Mech Modeling Finish
This week I’ve wrapped up the main modeling stage for all mechs that will be in the project! Over the following week I will be looking at adding any additional surface details as well as the UV unwrapping portion of the project.
A mech design heavily influenced by Vitaly Bulgarov’s design for his Black Phoenix project. I have always wanted to see if I can recreate a model of similar quality and visual rendering to his offline renders. This model this far is the mode geometry intensive piece at 160k polygons.
Designed to work for search and rescue operations these small drones are designed to track and recover people and resources from disaster areas – inspired by the horrible mind controlled rat experiments IRL.
Moving Forward Mechs
Here I’ve made some paintovers of the final models to explore surface details that will be added with normal maps – similar studies will be done later to establish color and material textures.
Having wrapped up a significant portion of my character work I decided to spend a few days looking at interesting solutions to bring my environment to life.
As such I found my self exploring ways to bring my stationary skybox to life with a few subtle details.
One of these was the implementation of a cutting edge in-development tool called TrueSky which can create volumetric atmospheric effects like clouds and accurate lighting models in real-time.
Another was a method of animating the sky-box its self with slow subtle motions to create the effect of cloud movement (more research to be done for this method)… this method was inspired by the game The Last of Us which used as similar solution to bring static sky-boxes to life with little effort.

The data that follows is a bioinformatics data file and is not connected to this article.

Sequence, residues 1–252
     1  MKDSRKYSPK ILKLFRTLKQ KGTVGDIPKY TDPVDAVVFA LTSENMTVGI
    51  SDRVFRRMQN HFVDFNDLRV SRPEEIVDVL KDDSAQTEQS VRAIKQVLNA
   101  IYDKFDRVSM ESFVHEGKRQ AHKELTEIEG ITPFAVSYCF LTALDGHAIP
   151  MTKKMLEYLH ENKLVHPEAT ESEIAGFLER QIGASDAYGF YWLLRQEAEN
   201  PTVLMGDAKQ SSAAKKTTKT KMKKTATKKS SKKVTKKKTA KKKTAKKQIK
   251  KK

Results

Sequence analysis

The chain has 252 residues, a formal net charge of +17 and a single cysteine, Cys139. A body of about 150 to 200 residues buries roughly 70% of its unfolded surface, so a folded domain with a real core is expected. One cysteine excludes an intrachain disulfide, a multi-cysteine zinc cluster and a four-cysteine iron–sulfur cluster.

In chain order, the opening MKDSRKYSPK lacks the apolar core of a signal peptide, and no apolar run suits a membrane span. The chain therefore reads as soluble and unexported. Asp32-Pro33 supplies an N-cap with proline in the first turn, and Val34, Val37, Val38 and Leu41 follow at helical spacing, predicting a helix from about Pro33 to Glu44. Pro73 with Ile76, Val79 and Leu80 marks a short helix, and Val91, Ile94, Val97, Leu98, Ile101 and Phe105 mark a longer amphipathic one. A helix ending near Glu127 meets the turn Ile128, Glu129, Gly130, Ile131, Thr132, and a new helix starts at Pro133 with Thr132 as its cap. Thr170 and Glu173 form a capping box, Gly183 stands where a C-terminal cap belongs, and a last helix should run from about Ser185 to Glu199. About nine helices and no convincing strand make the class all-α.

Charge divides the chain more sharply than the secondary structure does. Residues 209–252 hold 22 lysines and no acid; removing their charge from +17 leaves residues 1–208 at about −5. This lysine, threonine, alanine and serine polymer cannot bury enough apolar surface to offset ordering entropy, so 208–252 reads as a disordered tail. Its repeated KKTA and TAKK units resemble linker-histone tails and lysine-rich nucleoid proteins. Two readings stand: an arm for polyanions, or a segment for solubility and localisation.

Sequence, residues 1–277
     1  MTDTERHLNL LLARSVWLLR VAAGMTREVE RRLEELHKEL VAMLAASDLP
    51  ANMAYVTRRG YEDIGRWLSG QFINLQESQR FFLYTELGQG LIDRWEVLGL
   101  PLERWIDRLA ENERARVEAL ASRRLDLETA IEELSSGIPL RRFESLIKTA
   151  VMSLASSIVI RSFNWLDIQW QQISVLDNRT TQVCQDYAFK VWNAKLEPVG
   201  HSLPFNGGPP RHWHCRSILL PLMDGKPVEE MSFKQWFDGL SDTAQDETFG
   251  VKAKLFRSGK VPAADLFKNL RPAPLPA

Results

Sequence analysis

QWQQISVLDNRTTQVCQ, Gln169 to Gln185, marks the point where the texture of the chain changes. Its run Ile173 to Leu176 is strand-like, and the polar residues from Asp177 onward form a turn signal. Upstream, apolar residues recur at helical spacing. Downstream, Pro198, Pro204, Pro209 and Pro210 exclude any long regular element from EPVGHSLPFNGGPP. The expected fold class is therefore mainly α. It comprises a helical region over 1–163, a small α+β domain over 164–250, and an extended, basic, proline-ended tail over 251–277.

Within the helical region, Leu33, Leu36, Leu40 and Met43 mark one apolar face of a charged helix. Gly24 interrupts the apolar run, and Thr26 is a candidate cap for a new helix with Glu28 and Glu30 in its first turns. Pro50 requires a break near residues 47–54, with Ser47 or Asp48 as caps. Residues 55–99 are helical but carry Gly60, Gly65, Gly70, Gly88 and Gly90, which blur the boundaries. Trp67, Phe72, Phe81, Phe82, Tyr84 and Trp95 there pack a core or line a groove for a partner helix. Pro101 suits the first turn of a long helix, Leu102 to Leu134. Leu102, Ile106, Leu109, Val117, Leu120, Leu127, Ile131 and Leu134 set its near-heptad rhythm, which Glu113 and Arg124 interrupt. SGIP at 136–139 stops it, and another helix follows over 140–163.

Looking at simple ways to extend the horizon of my stage past the room I decided to explore some water materials in Unreal – The use of water in brutalist concrete architecture along with wooden constructs is one the style’s staple visuals that seeks to bring together elements of earth, water and air into one minimalistic space.
To create my water shader I used the standard Unreal Engine water texture solution that uses 4WayChaosNormals to animate a normal map, but that is where the similarities end.
Pushing the visuals further I used two normal textures – one for large distant waves to break tiling and a small one for close ripples. As the texture were separate it was possible to have separate Panner nodes that could simulate flow (as 4WayChaosNormals was centered around turbulence). Them being separate meant that the large waves could flow in one direction at a lower speed that simulates current driven flow, while the small ripples would move in the opposite direction that looked to recreate wind generated ripples.
The textures themselves though were where hard thinking went to. This is because the default Engine Textures leave a lot to be desired in terms of quality and EVERY online source supplied normal maps that were processed photographs of water (extremely inaccurate for many reasons). To fixed this hurdle I decided to use a terrain simulation software – Terragen that uses wind direction, depth, flow and currents to accurately simulate large bodies of water like lakes and oceans. Using a custom set up I rendered a wave displacement map of 1kmsq area and a 10msq area. This map was then converted to a normal map and used in the material.
The current material currently moves and reflect accurately which means that moving forward I will look into methods for improving the color, subsurface scattering and investigate adding depth.
Example of early water texture and atmosphere in motion
Final Water Normals and Motion
With the main bulk of modeling now done I will be focusing on fast and efficient UV mapping methods as well as the creation of custom materials and decals.
The water and atmosphere test look really good, but as they are not the main focus of this project my be cut or scaled down should performance drop significantly.